Single-Leg Press on the ball

by Ariel Hernandez I’m receiving a lot of questions from all of you readers, including this one: How can I help my clients with balance and body awareness? I begin by teaching my clients the importance of balance and body awareness, especially as we age. You must have both to achieve true strength. One of

by Ariel Hernandez

I’m receiving a lot of questions from all of you readers, including this one: How can I help my clients with balance and body awareness?

I begin by teaching my clients the importance of balance and body awareness, especially as we age. You must have both to achieve true strength. One of the exercises I use to teach balance and body awareness is the Single-Leg Press on a ball.

Ariel demonstrates the advanced position for the Single-Leg Press using a ball on the Reformer.

Let’s set it up:

1. Use one red spring.

2. Have clients lay supine on the reformer, head near the tower and feet facing the footbar.

3. Ask clients to find and maintain a neutral pelvis and neutral spine.

4. Have them place both feet on the ball, with the ball in the center of the footbar.

Now let’s move:

1. Tell your clients to wrap their ribs, then inhale to press away slowly, and exhale as they return.

Tip: The spring is very light so if they push away too fast and with little or no control, the ball will slide up or down. This is where balance and body awareness start to play a role.

2. Ask them to repeat the move about 10 times to build awareness, and after they are able to do it well—with no shaking—have them progress to the single-leg version, with the other leg in tabletop.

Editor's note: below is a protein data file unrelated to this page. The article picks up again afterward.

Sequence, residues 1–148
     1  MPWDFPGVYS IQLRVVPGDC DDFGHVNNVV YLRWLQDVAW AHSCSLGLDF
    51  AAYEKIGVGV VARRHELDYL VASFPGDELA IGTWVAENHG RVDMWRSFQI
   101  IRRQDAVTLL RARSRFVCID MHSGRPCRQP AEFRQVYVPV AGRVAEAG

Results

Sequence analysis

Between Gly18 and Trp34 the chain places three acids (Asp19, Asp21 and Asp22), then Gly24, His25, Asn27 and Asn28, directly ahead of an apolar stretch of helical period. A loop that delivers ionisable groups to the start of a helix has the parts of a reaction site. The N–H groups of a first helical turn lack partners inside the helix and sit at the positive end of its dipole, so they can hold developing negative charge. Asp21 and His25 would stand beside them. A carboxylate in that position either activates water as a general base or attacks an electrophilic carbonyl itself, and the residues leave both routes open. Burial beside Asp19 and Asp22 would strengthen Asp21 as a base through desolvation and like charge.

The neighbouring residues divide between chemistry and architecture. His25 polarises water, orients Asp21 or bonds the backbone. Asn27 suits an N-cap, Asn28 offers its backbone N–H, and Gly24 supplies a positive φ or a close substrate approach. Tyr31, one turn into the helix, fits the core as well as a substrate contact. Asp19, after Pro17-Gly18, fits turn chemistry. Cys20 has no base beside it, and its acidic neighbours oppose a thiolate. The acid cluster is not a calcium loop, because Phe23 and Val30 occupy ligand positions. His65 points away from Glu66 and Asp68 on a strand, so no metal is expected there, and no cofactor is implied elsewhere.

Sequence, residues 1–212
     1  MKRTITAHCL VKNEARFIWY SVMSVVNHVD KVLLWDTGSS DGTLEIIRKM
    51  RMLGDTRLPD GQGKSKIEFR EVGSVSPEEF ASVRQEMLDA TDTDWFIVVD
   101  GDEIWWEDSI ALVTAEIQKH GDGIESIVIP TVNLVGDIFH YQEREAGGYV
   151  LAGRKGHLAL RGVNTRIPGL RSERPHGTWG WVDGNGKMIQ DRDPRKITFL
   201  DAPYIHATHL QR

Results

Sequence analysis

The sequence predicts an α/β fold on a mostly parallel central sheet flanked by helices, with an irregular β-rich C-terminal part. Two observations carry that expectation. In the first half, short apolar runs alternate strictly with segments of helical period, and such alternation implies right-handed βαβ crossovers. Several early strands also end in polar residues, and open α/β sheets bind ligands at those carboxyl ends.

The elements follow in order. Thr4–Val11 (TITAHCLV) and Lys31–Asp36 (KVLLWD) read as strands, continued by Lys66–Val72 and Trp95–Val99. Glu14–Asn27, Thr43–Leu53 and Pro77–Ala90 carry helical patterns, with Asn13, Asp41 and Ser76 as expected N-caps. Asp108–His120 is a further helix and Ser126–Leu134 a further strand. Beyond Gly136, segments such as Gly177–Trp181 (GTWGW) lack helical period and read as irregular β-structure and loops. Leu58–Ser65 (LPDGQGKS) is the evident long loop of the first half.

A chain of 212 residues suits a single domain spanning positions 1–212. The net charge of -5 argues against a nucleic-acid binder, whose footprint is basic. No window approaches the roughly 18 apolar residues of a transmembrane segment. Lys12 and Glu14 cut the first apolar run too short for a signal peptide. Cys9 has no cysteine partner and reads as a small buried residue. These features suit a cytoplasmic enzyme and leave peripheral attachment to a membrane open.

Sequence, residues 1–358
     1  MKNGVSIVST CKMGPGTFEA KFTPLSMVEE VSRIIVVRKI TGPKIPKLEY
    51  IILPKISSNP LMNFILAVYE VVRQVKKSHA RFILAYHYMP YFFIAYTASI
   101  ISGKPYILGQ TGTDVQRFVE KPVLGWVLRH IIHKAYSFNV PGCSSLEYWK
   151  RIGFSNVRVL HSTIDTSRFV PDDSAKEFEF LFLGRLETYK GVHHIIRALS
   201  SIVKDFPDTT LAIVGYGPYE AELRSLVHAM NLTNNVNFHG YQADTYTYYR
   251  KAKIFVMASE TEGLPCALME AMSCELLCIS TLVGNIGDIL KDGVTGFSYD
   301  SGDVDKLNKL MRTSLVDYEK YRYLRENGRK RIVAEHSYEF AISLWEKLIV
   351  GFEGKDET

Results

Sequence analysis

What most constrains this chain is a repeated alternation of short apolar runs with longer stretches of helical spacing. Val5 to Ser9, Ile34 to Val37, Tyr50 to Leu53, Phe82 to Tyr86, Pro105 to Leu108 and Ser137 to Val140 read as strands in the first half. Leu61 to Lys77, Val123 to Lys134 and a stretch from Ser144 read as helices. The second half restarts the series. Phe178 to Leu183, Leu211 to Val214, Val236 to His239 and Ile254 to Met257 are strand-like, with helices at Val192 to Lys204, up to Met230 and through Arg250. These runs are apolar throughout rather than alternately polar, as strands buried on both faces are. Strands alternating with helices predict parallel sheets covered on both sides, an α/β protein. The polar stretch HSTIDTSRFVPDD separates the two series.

Tip: Remember that transitioning from one move to another is in itself a move and should be done using all of the Pilates principles. Don’t let clients get sloppy.

Moving on:

1. Now have your clients walk the ball to the left side, making sure the ball is in line with the left hip. So the alignment is hip-knee-second toe.

2. Have them put the right leg into tabletop (maintaining neutral pelvis and spine).

3. Have them start pushing away with the left leg, slowly and with small moves at first, if needed. As your client develops balance and body awareness, they will be able to straighten the leg completely (don’t rush this process).

Tip: I can’t stress this enough: Just because they can push all the way out at first, doesn’t mean they should. Keep the integrity of the move and stay true to the Pilates principles.

4. Have them perform the move about 10 times on each side.

As your client improves, have them add more challenge by straightening the leg that is in tabletop toward the ceiling.

You can challenge them more, later on, by asking them to close their eyes.

Keep the questions coming. Hope to see some of you guys in Dallas where I will be teaching for DCAC April 12-14.

Be well.


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